Financial woes are holding back planned rehabilitation projects at Nigeria’s four existing refineries. The nation’s refineries suffer from operational problems due to insufficient management and a lack of regular maintenance. The primary goal of Nigerian National Petroleum Corp.’s (NNPC’s) rehabilitation program is to upgrade its existing facilities to boost utilization to at least 90%. It is not clear how Nigeria intends to finance the rehabilitation of its refineries, which are operated by NNPC affiliates—Port Harcourt Refining Co. Ltd., Warri Refining and Petrochemical Co. Ltd., and Kaduna Refining and Petrochemical Co. Ltd. The refineries, which previously underwent a $500 MM rehabilitation phase, have a collective utilization capacity of below 20%.

In June 2017, Nigeria’s Petroleum Resources minister, Ibe Kachikwu, indicated that Nigeria needs $1.2 B to restore and upgrade its domestic refining system. This cost includes the installation of new technology to enable the facilities to comply with global emissions requirements. The government has put in place a team to produce a financing model that could help attract potential investors; however, no firm agreements have been reached to help finance this program. The Nigerian government had also issued 25 licenses to private investors to build refineries in the country, but no progress has been made on these endeavors. A lack of funds and government-backed fuel subsidies make investing in new midstream and downstream processing operations unattractive to private and public investors.

Uganda. In August 2017, the Ugandan government confirmed that it had awarded the Albertine Graben Refinery Consortium (GE Oil and Gas, YAATRA Ventures LLC, Intracontinent Asset Holdings Ltd. and Saipem SpA) as the preferred bidder for the development of its 60-Mbpd refinery. The facility will process crude oil from the Hoima oil fields that are being developed by Total SA and Tullow Oil Plc.

According to a statement by Uganda’s Ministry of Energy, the winning consortium “... proposed to government a financing approach and a path to establish, develop and operate a commercially viable refinery company with a strategic benefit to the country and the region.”

Before the consortium was awarded the contract for the $4-B project, Uganda had offered Tanzania and Kenya an 8% equity stake each in the refinery. Tanzania accepted to pay $150.4 MM for its share, while Kenya expressed interest in a 2.5% stake rather than the 8% offer. Total SA announced in late 2016 that it would take a 10% share of the refinery project. With the addition of multiple equity stakes in the project, Uganda is hopeful that the project will be implemented on a timely basis.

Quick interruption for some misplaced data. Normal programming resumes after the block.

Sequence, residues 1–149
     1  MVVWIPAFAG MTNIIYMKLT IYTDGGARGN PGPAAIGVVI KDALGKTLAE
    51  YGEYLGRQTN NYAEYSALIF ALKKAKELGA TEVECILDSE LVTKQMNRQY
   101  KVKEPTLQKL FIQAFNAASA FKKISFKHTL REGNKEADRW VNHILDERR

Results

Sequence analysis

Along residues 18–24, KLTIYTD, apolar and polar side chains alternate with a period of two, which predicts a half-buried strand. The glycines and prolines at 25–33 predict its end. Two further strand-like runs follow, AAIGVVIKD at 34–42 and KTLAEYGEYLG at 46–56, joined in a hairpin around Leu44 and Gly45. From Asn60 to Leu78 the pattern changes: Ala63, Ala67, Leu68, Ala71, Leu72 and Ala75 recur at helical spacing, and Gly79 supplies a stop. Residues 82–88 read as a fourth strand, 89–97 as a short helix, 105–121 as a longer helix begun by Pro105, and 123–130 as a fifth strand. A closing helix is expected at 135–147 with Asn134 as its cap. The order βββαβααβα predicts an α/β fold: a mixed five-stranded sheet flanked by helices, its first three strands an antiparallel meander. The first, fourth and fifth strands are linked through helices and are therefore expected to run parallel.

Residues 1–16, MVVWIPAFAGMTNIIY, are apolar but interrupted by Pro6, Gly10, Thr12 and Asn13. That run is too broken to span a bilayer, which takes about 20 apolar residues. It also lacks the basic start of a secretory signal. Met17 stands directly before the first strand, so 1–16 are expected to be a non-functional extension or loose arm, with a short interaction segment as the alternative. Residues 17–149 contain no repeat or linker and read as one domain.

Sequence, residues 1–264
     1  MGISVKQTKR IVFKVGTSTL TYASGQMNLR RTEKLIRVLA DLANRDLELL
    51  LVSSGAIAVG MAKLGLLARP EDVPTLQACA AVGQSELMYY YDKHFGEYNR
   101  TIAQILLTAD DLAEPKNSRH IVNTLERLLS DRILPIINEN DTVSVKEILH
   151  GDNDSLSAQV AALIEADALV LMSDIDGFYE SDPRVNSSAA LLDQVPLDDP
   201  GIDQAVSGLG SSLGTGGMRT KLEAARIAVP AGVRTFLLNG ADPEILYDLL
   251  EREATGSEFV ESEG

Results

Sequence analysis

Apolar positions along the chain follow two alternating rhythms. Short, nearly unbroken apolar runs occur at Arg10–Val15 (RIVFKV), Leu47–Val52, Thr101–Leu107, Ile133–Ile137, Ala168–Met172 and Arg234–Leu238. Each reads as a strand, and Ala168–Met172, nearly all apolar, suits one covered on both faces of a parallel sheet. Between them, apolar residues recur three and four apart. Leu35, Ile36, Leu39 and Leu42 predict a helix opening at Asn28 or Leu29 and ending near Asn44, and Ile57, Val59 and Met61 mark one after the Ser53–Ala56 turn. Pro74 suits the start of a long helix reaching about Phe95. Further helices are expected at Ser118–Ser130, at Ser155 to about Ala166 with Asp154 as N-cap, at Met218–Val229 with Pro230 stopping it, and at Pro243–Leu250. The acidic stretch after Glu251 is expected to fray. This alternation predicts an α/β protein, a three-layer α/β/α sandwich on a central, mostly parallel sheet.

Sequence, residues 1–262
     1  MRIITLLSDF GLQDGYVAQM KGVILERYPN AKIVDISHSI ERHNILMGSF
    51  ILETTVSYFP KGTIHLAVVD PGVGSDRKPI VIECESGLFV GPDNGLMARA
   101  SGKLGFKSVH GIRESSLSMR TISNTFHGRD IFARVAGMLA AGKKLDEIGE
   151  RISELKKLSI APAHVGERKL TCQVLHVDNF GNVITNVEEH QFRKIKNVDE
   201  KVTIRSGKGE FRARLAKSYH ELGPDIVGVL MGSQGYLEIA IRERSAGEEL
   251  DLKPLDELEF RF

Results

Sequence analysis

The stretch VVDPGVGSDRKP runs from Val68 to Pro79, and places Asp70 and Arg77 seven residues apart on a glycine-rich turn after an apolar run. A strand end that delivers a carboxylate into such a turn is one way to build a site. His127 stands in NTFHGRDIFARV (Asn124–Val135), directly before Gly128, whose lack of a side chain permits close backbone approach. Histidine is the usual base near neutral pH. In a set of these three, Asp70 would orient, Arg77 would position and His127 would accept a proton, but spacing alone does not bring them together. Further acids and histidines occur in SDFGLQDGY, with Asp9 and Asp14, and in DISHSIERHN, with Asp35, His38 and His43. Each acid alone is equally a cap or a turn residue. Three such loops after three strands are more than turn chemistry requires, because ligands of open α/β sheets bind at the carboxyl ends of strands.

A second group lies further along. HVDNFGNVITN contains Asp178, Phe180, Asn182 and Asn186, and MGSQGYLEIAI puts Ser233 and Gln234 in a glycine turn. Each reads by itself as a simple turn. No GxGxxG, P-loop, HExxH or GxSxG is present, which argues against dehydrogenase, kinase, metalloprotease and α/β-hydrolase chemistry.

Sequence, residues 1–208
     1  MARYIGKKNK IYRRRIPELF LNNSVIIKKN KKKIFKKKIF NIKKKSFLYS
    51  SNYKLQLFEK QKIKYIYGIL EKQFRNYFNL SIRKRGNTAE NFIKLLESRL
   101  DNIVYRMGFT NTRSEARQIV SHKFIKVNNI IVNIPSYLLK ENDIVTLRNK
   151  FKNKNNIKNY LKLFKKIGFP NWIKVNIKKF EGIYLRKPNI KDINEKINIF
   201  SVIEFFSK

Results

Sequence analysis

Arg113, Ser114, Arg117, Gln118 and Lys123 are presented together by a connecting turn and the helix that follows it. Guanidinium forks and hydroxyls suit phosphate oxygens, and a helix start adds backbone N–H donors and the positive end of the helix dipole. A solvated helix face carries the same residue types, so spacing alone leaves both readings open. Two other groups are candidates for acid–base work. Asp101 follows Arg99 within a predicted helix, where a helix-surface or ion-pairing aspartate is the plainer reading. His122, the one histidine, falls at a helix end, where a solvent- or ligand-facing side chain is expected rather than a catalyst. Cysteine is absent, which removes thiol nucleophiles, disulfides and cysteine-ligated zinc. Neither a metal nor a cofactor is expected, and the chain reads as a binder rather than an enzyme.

Angola. The struggle to raise adequate financing for crude processing projects in Africa is best epitomized by the delayed 200-Mbpd Lobito refinery project in Angola. The $8-B refinery was proposed by Angola’s national oil company Sonangol. Although no financing commitments were in place, the company began site works on the project. In late 2016, Sonangol announced it was suspending construction of the refinery due to unfavorable economic conditions in the oil market.

After failing to attract international financial suitors, along with a lack of political goodwill on the part of the Angolan government, Sonangol had to suspend the construction to allow for the “reassessment of the strategic vision of development and implementation” of the refinery and marine terminal project.

Capacity rationing. By 2040, the International Energy Agency (IEA) forecasts that approximately 400 Mpbd of African refining capacity will be shuttered if additional investments are not made to upgrade the facilities. If investments come to fruition, however, the continent could see an increase in utilization rates, along with an additional 800 Mbpd of new capacity by 2040. This ambitious capacity expansion and upgrade program would cost approximately $40 B, according to the IEA. An additional $15 B would be required for regular maintenance. Although the additional refining capacity and modernization of existing facilities are needed, they may not be high on the list of priorities. African countries will need to find ways to fund these projects, or risk a future of import dependence. HP